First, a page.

Sunday, 15 March 2015

Black Dove, White Raven by Elizabeth Wein

Black Dove, White Raven
by Elizabeth Wein


Summary: Rhoda and Delia are American stunt pilots who perform daring aerobatics to appreciative audiences. But while the sight of two girls wingwalking – one white, one black – is a welcome novelty in some parts of the USA, it’s an anathema in others. Rhoda and Delia dream of living in a world where neither gender nor ethnicity determines their life. When Delia is killed in a tragic accident, Rhoda is determined to make that dream come true. She moves to Ethiopia with her daughter, Em, and Delia’s son, Teo.

Em and Teo have adapted to scratching a living in a strange land, and feel at home here; but their parents’ legacy of flight and the ability to pilot a plane places them in an elite circle of people watched carefully by the Ethiopian emperor, Haile Selassie, who dreams of creating an air force for his fledgling nation. As Italy prepares for its invasion of Ethiopia, Em and Teo find themselves inextricably entangled in the crisis — and they are called on to help.
I absolutely loved the other two Elizabeth Wein books that I've read (Code Name Verity and Rose Under Fire), Code Name Verity is actually probably one of my all time favourite books. This book...while it didn't quite top Code Name Verity, I loved it and it firmly cemented her spot on my I'll-Read-Anything-This-Author-Writes list.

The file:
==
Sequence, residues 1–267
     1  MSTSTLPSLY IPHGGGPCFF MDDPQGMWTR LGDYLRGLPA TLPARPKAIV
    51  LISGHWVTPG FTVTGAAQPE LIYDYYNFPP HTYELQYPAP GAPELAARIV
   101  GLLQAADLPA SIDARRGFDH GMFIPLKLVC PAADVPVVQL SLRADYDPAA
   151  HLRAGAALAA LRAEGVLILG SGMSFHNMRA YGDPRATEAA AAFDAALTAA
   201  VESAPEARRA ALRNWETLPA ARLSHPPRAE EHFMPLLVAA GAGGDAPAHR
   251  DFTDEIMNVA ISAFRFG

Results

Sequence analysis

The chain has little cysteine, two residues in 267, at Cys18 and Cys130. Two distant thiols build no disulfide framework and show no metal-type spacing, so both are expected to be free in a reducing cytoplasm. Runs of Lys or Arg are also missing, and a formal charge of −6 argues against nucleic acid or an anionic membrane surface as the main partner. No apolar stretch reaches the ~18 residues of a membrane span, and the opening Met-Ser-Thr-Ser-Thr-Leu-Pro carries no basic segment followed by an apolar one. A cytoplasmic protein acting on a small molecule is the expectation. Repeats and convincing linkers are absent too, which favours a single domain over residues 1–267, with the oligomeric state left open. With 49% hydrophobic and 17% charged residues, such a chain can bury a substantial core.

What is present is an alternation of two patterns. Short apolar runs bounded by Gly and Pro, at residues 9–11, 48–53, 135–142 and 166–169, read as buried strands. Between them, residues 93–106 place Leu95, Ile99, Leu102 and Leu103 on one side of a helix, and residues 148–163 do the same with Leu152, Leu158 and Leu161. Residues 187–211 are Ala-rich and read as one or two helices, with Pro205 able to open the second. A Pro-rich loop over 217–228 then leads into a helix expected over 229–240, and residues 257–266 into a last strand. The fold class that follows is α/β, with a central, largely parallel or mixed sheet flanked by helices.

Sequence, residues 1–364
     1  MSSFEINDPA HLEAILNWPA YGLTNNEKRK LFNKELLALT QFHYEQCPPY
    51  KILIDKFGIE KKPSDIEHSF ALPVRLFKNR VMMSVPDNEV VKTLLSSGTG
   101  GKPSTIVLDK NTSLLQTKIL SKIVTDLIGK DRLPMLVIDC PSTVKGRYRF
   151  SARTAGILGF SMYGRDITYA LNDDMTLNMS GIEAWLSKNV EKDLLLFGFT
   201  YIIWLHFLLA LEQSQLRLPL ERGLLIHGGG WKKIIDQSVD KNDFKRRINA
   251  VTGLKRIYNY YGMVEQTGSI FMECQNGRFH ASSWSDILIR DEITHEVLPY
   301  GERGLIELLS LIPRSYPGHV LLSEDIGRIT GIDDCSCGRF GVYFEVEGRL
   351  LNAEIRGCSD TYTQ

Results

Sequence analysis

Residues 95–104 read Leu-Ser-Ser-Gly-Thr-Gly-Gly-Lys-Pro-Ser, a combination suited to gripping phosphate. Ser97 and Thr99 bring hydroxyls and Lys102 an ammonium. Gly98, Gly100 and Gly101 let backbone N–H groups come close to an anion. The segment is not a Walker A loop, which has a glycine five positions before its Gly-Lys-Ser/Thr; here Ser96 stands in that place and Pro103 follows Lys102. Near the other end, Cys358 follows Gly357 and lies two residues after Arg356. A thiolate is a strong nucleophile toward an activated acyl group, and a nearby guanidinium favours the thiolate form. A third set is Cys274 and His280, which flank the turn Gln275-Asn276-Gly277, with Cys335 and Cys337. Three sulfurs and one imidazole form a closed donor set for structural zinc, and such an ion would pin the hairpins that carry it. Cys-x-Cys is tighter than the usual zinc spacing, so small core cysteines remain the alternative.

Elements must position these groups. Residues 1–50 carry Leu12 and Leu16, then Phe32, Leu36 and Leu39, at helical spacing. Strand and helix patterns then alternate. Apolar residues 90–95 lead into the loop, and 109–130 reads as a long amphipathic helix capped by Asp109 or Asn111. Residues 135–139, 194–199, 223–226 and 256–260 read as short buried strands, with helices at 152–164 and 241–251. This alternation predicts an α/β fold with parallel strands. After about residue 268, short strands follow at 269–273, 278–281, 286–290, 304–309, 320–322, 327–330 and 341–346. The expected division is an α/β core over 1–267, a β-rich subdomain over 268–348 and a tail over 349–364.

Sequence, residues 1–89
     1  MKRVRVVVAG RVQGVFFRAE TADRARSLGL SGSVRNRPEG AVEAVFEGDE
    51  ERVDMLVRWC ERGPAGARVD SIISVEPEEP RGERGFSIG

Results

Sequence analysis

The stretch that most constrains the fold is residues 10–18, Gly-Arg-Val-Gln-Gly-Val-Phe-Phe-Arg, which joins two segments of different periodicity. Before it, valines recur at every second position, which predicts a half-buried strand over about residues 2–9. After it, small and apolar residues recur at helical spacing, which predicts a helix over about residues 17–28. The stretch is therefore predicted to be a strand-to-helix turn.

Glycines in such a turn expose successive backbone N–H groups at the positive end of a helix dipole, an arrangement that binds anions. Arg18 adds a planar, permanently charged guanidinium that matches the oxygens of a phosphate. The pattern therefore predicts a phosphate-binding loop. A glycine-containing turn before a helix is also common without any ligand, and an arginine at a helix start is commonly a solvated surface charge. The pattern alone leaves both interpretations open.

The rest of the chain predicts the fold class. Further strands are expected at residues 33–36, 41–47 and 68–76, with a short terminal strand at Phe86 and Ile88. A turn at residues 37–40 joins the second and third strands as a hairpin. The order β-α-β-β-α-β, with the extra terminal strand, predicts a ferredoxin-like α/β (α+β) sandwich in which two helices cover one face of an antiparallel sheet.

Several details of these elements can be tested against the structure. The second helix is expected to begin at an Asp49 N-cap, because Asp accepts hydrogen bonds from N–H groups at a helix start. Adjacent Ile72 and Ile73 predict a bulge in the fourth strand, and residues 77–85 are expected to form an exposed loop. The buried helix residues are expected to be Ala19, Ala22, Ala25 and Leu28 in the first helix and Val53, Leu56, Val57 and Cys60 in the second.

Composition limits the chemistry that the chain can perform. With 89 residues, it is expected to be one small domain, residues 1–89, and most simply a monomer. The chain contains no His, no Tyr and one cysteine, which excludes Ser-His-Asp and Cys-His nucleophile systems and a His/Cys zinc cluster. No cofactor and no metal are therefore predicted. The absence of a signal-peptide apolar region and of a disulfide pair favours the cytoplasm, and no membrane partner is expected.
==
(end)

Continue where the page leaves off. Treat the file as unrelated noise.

I adored the characters -- Teo and Em were great and I loved their relationship. They were family and they were best friends and they were soulmates and that connection they had really leapt off the pages. All of the other characters were awesome too, even the ones we didn't see much of were bursting with personality.

And the writing...I love her writing. Elizabeth Wein is one of those authors that writes so well that little quotes from the book stick with you (one of my favourites).

I think what I loved most though was getting a glimpse into a country and culture I was pretty ignorant about before. I don't know much about Ethiopia or its history and this book opened my eyes a little and made me want to know more -- I think a book is definitely doing something right if it inspires you to read more about its subject matter.

It showed the gender politics at that time really well, and issues with race and war in a way I hadn't really read before. And I loved the subtle way it dealt with identity and what it is to belong -- to a place, to a family, to a people.

Basically, I loved the book. It made me wish I knew how to fly (considering its something I'm terrified of, that's no easy feat). There was nothing about it that I didn't like really. I'd rate it 5 stars out of 5.

Later.

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